They want to get the release of some of their relatives which have been detained in Alexandria, Egypt. The tourist area. On drug charges. And so, they say that they're not going to release them and they might kidnap other westerners and Americans if their demands are not met.
HARLOW: You know, what is also interesting is since the fall of Hosni Mubarak in Egypt, we've seen this increase in kidnappings, especially in this part of Egypt which has become somewhat notorious for things like this. I know that similar kidnappings happened a few months ago. However, those that were abducted were released relatively quickly.
LABOTT: That's right. And, you know, the Egyptian military up until now has been really doing a pretty good job about patrolling the border. And these things get resolved very easily. As you know, over the last year, there has been so much chaos in Egypt and a lot of political turmoil, especially in Cairo in the big cities. And the military has really had its hands full. And so, this hasn't been the priority.
And so, you know, the U.S. has been saying to them, Israel on the border, very concerned. Walking on egg shells right now. Because there's not only these kidnappings but a lot of terrorist activity on the border right now. It is a real no man's land. And the Egyptians just don't have their eye on the ball.
HARLOW: Well, and you know, it is a very big deal also today that you're reporting on the fact that Secretary of State Hillary Clinton is in Egypt. She just did meet with the newly elected president as our viewers are seeing on the screen. Mohamed Morsi. She said, quote, "We are very, very keen to meet you and happy that you are here."
That is what Morsi told Clinton. So, I mean, this really signifies how important a solid relationship between the U.S. and Egypt is. Egypt being one of the biggest allies of the United States and the region. What do we expect to come from this meeting? How significant is it that the Secretary of State is there today?
LABOTT: Well, she is the first U.S. official to meet with President Morsi since his election. And some people thought maybe it is premature. Because there is so much domestic troubles going on right now in Egypt. How can they pay attention to their relationship with the United States? But her aides say, no, this is the push Egypt needs. She wanted to come and engage and said the U.S. wants to work with you on this democratic transition. Wants to help.
You know, very tough messages. Not just for Morsi saying, listen, you have to end this bickering. You have to assert the full authority of your office. Wants see a constitution. Wants to see a parliament. But also for the military in this Sinai incident. It is a perfect example. Get back to your day job. There is a democratically elected president right now and you need to get back to your real job of national security, securing the country, because, hey, that border is really dangerous.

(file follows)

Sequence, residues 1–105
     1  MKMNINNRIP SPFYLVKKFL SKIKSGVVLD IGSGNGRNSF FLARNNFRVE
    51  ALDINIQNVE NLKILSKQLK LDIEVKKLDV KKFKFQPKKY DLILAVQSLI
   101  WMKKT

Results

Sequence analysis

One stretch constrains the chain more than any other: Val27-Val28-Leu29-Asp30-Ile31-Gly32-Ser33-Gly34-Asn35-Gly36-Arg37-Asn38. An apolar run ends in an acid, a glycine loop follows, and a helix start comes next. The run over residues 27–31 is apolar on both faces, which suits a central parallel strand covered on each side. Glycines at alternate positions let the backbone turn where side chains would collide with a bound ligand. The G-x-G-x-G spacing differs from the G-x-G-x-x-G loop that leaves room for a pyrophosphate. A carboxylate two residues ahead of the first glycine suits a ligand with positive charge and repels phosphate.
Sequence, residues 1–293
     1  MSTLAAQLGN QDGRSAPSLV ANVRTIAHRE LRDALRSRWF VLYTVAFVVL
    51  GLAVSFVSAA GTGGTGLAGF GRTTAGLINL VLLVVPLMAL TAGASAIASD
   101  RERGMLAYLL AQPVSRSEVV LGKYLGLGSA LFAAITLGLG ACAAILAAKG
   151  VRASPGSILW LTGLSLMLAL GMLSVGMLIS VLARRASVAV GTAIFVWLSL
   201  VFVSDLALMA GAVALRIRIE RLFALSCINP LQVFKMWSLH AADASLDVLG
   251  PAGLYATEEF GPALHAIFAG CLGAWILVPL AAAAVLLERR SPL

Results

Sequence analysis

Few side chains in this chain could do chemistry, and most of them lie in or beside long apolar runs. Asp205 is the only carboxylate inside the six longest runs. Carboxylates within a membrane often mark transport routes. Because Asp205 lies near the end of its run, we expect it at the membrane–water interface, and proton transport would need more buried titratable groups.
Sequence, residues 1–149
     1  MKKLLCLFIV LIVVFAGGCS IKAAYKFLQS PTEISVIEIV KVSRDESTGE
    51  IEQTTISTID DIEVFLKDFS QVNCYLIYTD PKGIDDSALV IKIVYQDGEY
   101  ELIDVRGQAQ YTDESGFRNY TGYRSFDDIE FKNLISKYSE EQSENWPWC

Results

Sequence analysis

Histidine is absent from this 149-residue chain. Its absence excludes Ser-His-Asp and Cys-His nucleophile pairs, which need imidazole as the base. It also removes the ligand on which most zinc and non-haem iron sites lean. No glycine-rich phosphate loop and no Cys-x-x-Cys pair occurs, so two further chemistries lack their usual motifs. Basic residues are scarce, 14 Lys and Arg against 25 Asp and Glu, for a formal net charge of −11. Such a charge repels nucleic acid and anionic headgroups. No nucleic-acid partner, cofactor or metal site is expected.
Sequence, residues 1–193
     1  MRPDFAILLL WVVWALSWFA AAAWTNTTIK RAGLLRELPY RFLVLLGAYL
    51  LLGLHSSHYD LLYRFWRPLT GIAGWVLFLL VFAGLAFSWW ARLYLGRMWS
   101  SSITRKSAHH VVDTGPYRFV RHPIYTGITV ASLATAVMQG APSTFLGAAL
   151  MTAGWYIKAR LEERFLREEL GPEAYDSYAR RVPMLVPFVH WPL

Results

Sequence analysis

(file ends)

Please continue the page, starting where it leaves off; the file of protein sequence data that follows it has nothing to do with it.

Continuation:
And if something happens with the Israel, for instance, and the peace treaty that has been long held between those two countries could be in jeopardy. This is a perfect example of why all Egyptians have to take their role and move together for the better of the country.
HARLOW: And of course, tomorrow, Clinton will meet with the top military leader there in Egypt as well as Coptic Christian groups, some society leaders, so she's spending a fair amount of time there. Obviously, it's critical for all Americans, what is happening in Egypt and for the world and the stability in the region. Elise, thank you so much. We appreciate it.
Well, President Obama making weekend campaign stops in Virginia. One of those critical battleground states that he is trying to hold on to in November. He told supporters under rainy skies near Richmond today that now is not the time to give up on the U.S. economy. And he returned to a favorite attack line of recent days painting Mitt Romney as a businessman who build his success on sending U.S. jobs overseas.
(BEGIN VIDEO CLIP)
PRES. BARACK OBAMA (D), UNITED STATES: Mr. Romney has got a different idea, he invested in companies that have been called pioneers outsourcing. I don't want to pioneer in outsourcing. I want some insourcing.
I want to bring companies back.
(END VIDEO CLIP)
HARLOW: What President Obama did not do today was comment on Mitt Romney's very aggressive defense of his tenure at Bain Capital. Romney, you may have seen by now, made the network rounds last night defending his record. Criticizing the Obama campaign's tactics. He saved his strongest response when asked about an Obama staffer's claim that Romney might have committed a felony in terms of what he told the SEC about his record of Bain. He told ABC, the President should say he is sorry. He told our Jim Acosta that the attacks have gone too far.
(BEGIN VIDEO CLIP)
MITT ROMNEY (R), PRESIDENTIAL CANDIDATE: One of their insiders said that their campaign was going to be based upon the strategy of, quote, "kill Romney," end of quote. That's what they're doing. It is disgusting, demeaning, it is something which I think the President should take responsibility for and stop.
(END VIDEO CLIP)
HARLOW: Mitt Romney had a lot more to say on that. And of course, other issues. We'll going to air Jim Acosta's full one-on-one interview with Governor Romney at 7:00 Eastern tonight right here in the CNN Newsroom.